TROY GLAUS and LYLE OVERBAY.12.27.2005. Slugger Troy Glaus and Lyle Overbay are all smiles at the introduction press meet at the Rogers Center Founders Club on Tuesday.(Rene Johnston/ Toronto Star Photo)

TROY GLAUS and LYLE OVERBAY.12.27.2005. Slugger Troy Glaus and Lyle Overbay are all smiles at the introduction press meet at the Rogers Center Founders Club on Tuesday.(Rene Johnston/ Toronto Star Photo)

Oh god, not that…

Let’s take a look at what pitchers, and what pitching staffs have had the best stuff since 2007. Also, let’s look into what starting rotations and bullpens had the highest workloads in the last ten years.


Ok, to truly qualify for these calculations, pitchers were required to appear in at least 5 games during the MLB season. To be considered a “true starter”, 80% of the innings a pitcher threw had to be in the starting rotation, and they could not have more than 9 relief innings in a season. To be considered a “true reliever”, 80% of the total innings had to be as a reliever, and the pitcher could not have more than 3 starts on the season. Are these rules unfair? LIFE IS UNFAIR.



The best stuff of any starting staff belongs to the 2011 Royals. A fearsome staff that managed to have only one pitcher with better than a 0.500 record, this staff was built on radar guns, and probably not on pitching ability. Luke Hochevar had the best stuff on this staff – and would eventually find a home in the bullpen.

In the time period studied (2007 – 2016),  the best average Stuff belonged to the Royals (an average stuff value of 0.84), followed by the Brewers, then the Cardinals.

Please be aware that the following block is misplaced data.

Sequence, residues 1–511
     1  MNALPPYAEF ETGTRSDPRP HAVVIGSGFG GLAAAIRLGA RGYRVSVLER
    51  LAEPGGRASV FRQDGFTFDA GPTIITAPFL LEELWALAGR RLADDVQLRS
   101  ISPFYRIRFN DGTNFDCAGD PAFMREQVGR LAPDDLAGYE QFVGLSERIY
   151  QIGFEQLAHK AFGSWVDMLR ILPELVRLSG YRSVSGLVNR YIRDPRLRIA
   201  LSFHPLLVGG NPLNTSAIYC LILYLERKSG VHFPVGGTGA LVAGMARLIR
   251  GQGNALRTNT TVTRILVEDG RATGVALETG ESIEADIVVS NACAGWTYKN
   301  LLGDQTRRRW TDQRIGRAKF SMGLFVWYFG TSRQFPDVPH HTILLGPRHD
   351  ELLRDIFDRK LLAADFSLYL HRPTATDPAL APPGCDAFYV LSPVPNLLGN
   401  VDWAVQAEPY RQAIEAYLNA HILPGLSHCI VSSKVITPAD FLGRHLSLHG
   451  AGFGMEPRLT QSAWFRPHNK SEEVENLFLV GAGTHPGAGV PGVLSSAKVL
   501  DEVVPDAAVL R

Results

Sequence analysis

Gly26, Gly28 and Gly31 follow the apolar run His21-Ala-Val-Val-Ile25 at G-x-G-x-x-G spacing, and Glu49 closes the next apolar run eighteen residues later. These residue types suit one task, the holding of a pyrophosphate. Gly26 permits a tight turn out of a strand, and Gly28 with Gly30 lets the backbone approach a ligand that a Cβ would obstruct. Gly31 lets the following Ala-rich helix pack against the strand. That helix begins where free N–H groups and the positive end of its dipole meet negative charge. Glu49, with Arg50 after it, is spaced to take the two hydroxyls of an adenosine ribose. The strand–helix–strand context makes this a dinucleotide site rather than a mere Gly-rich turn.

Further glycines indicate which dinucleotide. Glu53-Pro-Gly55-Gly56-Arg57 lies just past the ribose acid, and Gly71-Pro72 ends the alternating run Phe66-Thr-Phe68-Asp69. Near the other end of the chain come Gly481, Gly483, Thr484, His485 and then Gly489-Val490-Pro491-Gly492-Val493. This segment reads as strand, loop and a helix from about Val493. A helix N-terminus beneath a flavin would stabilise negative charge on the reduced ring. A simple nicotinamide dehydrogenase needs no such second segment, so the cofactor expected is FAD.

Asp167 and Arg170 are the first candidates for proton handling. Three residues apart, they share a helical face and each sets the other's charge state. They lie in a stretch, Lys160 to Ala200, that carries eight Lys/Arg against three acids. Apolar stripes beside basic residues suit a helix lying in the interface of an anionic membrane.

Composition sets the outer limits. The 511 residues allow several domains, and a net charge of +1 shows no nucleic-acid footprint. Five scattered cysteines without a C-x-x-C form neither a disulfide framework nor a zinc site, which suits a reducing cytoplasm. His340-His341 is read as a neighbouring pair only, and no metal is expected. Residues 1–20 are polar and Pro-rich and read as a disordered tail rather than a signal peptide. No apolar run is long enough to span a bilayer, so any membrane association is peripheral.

The best individual stuff performance belongs to mine and Eno Sarris’s adopted son, Chris Bassitt. In 2016, Bassitt was putting up historic numbers before he sustained an elbow injury and had to have Tommy John Surgery. After that – it becomes the Jake Arrieta show. Before he put things together in 2015, Arrieta has exceptional stuff in 2014, as well as 2013. Sneaking into the top of that list is 2007 Rookie Ubaldo Jiminez.

Something really interesting to note – it has been well documented that fastball velocity keeps getting higher every year – and Tommy John Surgeries are also increasing. If you look at Stuff over these 10 years, the Stuff in 2016 is the highest it has ever been. There’s been a relatively linear increase in Stuff over the years, as you can see in this graph.



The Mariners 2013 bullpen had the best stuff in the past 10 years, lead by monster of Stuff, Tom Wilhelmsen (2.03). During the last decade, the best bullpen belonged to Tigers, followed by the Mariners and White Sox. Similar to the Stuff report for Starters, Stuff has increased over that time period for reliever as well (0.29 in 2007, and 0.52 in 2016).

We’ve seen some historic Stuff this season by resident piece of trash Arolids Chapman. In second and third place, a player near and dear to my heart – Joel Zumaya. I for one, fancied myself an experienced Guitar Hero player – so I can relate to the plight of Zumaya who hurt himself playing the iconic video game.

If you need access to these data because you’re curious about more – let me know! I’d be happy to share it with anyone. If you think the metric is wrong – well, go jump off a bridge and make your own Stuff metric.

© 2024 Mike Sonne

Theme by Anders NorenUp ↑